What are eSIMs and how do they work?
eSIM is a shortened version of embedded SIM, where SIM is an acronym for Subscriber Identity Module. So, an eSIM is an Embedded Subscriber Identity Module. The little thing that allows your phone to connect to your cellular provider’s network. When you buy a new phone, you pop out your SIM card, drop it into the new phone, and cellular service is a go.
That’s going to change with eSIM, because as the “embedded” part of the name suggests, this is actually built into the phone’s mainboard. It’s rewritable, similar to an NFC chip, and will be compatible with all the major carriers, regardless of what type of network they use.
The Apple Watch 3 and Pixel aren’t the only devices using eSIMs. Cars do too—we’ve all seen a connected car at this point, and you may have ever wondered where its SIM card is. The short answer is that it’s using an eSIM. That’s one application where it really just makes sense.
Other manufacturers of connected devices—usually smarthome devices—are also using eSIMs. It just makes sense: it’s less hassle for the customer, more connection options for the manufacturer. And for those types of applications, it really is a win-win. When we start talking about bringing this tech to smartphones, however, its gets a little fuzzier.
The Benefits of eSIMs
That may sound inconvenient, but the benefits pretty strongly outweigh the cons . First off, since device manufacturers won’t have to accommodate a SIM card slot in their phones, they’ll have even more flexibility in terms of design. With the SIM card actually embedded into the device’s internal hardware, bezels could theoretically shrink, phones could perhaps get slightly thinner without sacrificing battery, and a lot more. That’s precisely why Apple chose to use an eSIM in the Watch 3—it makes so much sense in a small form factor device like a smartwatch.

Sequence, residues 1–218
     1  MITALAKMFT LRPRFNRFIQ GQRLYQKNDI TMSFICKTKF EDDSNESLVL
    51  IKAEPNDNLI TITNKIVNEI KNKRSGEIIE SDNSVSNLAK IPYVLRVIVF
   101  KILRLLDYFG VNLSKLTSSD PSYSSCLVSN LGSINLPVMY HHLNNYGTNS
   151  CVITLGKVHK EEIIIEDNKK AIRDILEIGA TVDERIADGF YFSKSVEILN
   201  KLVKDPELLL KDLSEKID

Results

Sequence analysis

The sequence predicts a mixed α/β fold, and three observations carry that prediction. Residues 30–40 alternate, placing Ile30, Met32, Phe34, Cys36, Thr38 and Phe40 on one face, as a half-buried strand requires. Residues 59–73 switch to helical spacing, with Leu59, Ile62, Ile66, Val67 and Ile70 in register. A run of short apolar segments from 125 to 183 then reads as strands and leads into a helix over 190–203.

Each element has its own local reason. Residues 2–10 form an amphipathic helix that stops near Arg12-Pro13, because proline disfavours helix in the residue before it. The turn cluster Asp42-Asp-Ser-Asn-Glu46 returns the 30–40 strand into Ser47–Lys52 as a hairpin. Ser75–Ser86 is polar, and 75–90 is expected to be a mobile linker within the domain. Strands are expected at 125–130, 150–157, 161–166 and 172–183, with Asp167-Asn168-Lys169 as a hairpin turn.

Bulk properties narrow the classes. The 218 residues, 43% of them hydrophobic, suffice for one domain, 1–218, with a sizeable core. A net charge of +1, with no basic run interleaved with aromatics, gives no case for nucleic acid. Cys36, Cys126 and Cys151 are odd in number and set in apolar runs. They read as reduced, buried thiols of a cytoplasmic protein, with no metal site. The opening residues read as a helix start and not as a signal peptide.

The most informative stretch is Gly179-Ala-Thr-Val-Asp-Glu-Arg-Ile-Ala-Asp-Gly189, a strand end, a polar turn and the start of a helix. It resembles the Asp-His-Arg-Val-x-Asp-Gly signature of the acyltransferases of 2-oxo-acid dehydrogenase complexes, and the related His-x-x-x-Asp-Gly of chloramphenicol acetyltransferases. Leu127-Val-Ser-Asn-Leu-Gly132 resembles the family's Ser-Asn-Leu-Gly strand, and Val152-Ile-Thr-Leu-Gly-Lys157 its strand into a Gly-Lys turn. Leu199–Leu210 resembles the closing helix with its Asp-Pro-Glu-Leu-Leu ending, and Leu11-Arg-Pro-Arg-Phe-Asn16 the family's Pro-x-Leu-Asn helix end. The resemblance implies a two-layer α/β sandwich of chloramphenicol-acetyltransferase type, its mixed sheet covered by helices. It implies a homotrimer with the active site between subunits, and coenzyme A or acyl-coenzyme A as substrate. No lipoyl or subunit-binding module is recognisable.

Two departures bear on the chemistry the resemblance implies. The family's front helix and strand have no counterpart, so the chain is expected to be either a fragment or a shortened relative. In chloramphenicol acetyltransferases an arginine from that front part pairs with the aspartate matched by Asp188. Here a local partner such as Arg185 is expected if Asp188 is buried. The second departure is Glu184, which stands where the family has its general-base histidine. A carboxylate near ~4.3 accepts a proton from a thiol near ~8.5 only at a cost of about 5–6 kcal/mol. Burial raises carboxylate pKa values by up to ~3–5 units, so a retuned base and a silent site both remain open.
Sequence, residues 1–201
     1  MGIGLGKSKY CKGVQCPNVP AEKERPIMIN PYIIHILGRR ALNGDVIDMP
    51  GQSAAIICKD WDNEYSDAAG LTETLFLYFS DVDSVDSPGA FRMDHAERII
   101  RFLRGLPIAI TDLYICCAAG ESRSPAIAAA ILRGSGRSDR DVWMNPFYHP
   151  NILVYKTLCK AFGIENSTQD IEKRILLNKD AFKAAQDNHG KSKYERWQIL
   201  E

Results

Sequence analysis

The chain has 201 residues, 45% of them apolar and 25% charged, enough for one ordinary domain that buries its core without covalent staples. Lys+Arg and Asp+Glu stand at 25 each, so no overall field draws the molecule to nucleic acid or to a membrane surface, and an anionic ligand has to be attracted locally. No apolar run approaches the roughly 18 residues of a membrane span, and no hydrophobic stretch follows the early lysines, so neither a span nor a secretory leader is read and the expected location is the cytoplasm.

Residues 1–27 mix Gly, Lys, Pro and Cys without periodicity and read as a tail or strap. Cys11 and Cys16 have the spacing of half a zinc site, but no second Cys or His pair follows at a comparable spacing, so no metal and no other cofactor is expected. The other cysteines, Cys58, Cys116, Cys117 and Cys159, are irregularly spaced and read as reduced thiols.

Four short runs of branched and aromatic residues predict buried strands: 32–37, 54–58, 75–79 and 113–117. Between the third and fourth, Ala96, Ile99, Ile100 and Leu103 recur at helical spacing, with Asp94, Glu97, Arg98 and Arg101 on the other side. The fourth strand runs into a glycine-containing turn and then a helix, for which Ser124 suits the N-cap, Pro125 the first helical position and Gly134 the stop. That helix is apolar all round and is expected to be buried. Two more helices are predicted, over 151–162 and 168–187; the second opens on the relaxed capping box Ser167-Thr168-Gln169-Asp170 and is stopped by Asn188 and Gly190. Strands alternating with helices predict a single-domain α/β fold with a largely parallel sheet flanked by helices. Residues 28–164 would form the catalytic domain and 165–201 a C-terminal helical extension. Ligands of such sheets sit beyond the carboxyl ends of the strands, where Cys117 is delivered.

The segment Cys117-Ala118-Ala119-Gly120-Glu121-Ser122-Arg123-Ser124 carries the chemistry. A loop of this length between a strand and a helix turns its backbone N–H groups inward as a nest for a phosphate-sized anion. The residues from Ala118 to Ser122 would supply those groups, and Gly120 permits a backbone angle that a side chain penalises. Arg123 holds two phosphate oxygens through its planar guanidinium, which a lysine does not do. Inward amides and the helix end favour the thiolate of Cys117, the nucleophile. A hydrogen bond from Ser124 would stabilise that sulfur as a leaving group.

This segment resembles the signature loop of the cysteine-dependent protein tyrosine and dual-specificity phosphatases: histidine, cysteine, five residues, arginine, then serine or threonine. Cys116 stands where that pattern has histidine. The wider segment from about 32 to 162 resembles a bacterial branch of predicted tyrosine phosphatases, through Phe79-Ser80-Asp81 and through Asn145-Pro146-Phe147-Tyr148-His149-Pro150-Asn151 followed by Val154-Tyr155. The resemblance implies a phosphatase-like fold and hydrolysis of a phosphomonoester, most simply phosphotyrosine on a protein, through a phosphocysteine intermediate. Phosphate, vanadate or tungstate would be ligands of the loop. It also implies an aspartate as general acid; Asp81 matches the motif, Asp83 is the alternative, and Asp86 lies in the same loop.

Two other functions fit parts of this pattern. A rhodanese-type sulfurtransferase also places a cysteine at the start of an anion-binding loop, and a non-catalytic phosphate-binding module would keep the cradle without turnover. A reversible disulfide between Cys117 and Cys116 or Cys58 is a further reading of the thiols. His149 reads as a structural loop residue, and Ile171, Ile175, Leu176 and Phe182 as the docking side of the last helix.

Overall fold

Also, this could be a game changer for international travelers who have to swap SIM cards, services, or even carry more than one phone to stay connected. Instead of having to pop into a local cellular provider store to get a new SIM card when travelling abroad, imagine just being able to make a quick phone call and you get coverage. All without having to jump through hoops or change phones.
The Challenges of eSIMs
There is a catch, though: adoption. Before we can make the leap over to eSIM, every major carrier is going to have to agree that eSIMs are the future. Then, phone manufacturers will have to follow suit. If you know how this industry works, those kind of things take time.
But it starts with one carrier, which will then grow to two, and so forth. Google’s Pixel 2 is the first smartphone to use an eSIM, but that’s only if you’re using the phone on Project Fi. For all others, it still uses a traditional SIM.
Switching phones can be a bit more time-consuming. You can swap your SIM card out in seconds, where the change to eSIMs will take longer to do the same thing.
Update about T-mobile
T-Mobile announced the launch of its new T-Mobile eSIM app (via VentureBeat), designed to allow iPhone XR, XS, and XS Max users to sign up for T-Mobile as a second carrier via the eSIM feature in the newest iPhones.
The company says the service is designed for international visitors, although existing T-Mobile customers can also use the app to select a prepaid option. Your phone needs to be running iOS 12.1.1 to use the eSIM on any of these carriers.